China's interest in getting its sea legs is a most interesting case. As the Great Wall attests, China has long been concerned with land invasion, but not anymore. China is busy at work building a great navy, and as Robert D. Kaplan points out in his May/June 2010 Foreign Affairs article, The Geography of Chinese Power, China has a 9,000 mile temperate coastline with many good natural harbors, so it is well-suited to be a sea power. It may even link one day to the Indian Ocean via roads and energy pipelines. However, Chinese maritime supremacy has its challenges. What it calls its "first island chain" contains nothing but flashpoints (all except Australia): the Korean Peninsula, the Kuril Islands, Japan (including the Ryukyu Islands), Taiwan, the Philippines, Indonesia, and Australia. China is already embroiled in various disputes over parts of the energy-rich ocean beds of the East China Sea and the South China Sea: with Japan over the Diaoyu/Senkaku Islands and with the Philippines and Vietnam over the Spratly Islands. Essentially, a kind of "Great Wall in reverse" exists in this region due to the presence of a well-organized line of U.S. allies that serve as a sort of guard tower to monitor and possibly block China's access to the Pacific Ocean. What China calls its "second island chain" consists of the U.S. territories of Guam and the Northern Mariana Islands. The way China talks about these "island chains" speaks volumes about how it thinks of all these islands as archipelagic extensions of the Chinese landmass. Already, they have taken aggressive actions. In October 2006, a Chinese submarine stalked the USS Kitty Hawk and then surfaced within torpedo range of it, and in November 2007, the Chinese denied the Kitty Hawk carrier strike group entry into Victoria Harbor when it was seeking a respite from bad weather. In March 2009, a handful of PLA navy ships harassed the U.S. surveillance ship, the USNS Impeccable while it was openly conducting operations outside China's 12-mile territorial limit in the South China Sea, blocking its way and pretending to ram it. China seems to be doing everything in its power to keep the US Navy from getting in between its first island chain and its mainland.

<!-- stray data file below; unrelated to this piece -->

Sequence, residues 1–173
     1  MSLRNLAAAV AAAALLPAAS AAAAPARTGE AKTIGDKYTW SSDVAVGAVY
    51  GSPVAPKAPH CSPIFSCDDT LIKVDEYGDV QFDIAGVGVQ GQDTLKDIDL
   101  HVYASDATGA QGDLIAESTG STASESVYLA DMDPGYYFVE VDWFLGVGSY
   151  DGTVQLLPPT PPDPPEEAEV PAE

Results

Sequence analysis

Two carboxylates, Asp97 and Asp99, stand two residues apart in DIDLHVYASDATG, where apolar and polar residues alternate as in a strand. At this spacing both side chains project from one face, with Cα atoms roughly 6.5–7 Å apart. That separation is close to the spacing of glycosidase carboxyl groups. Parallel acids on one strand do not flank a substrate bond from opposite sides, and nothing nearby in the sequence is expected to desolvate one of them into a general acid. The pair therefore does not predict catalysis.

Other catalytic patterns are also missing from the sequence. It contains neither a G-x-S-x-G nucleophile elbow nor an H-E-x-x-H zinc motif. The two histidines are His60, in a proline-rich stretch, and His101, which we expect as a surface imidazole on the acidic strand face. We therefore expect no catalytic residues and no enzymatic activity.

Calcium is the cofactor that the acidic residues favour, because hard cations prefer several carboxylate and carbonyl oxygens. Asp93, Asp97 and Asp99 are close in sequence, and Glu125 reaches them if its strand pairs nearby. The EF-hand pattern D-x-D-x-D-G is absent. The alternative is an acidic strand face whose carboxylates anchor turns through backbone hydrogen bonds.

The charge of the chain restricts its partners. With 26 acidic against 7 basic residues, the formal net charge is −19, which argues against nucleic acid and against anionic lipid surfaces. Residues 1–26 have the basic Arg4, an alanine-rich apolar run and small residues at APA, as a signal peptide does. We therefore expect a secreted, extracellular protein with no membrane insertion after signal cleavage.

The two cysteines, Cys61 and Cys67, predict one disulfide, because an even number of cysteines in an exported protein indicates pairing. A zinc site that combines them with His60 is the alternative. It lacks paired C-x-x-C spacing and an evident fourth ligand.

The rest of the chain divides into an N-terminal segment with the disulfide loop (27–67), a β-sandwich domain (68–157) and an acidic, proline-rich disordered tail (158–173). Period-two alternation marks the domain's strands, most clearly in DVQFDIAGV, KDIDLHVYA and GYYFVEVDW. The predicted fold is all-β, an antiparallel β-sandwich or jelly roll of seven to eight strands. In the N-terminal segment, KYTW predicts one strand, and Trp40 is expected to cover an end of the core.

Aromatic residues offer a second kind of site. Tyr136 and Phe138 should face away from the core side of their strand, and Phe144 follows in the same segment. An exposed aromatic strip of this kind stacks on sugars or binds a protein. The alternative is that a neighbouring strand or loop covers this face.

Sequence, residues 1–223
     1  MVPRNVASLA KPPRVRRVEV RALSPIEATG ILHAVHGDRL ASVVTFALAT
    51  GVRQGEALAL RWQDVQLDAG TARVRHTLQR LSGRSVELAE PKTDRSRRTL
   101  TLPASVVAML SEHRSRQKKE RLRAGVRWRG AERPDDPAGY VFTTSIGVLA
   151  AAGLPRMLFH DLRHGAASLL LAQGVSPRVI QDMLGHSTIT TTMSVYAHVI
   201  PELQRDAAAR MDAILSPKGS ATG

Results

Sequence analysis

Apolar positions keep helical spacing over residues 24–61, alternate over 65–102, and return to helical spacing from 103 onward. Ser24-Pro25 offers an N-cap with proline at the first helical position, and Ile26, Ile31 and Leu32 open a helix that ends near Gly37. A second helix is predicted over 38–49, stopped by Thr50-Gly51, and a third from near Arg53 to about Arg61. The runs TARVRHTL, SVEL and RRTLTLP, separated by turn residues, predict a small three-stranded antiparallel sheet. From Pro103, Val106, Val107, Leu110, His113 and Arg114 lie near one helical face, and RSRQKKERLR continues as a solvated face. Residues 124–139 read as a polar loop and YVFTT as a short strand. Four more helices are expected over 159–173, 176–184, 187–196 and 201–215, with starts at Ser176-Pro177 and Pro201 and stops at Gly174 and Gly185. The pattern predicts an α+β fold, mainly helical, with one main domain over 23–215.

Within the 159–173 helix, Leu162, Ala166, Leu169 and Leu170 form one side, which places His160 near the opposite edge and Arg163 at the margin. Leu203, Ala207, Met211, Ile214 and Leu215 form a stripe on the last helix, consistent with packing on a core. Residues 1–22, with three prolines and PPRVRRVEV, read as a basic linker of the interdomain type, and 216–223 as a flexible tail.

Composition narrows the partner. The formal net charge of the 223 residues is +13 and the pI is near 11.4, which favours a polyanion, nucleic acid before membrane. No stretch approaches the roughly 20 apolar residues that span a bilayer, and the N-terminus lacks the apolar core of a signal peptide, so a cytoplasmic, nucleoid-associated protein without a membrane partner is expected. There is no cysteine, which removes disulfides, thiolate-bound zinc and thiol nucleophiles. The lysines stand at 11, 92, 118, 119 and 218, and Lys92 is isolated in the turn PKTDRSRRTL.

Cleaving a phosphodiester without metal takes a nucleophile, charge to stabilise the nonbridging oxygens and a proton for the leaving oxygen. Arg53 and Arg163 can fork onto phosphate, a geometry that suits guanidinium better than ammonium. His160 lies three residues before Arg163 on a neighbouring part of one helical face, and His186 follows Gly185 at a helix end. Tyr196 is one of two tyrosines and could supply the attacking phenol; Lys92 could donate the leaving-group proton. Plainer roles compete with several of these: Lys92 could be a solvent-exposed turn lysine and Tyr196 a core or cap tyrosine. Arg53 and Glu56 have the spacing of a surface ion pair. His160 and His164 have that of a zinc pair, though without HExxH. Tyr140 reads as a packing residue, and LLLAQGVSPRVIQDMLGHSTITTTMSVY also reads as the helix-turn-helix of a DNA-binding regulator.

Likewise, China is very possessive about Taiwan, that little place Gen. MacArthur once referred to as America's "unsinkable aircraft carrier" midway up China's seaboard. If Taiwan were to somehow become under China's domination, China would not only lock up its first island chain but be well positioned to project maritime power into the Pacific. The ability to "radiate" naval power is part and parcel of maritime security.
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Last updated: Aug 29, 2010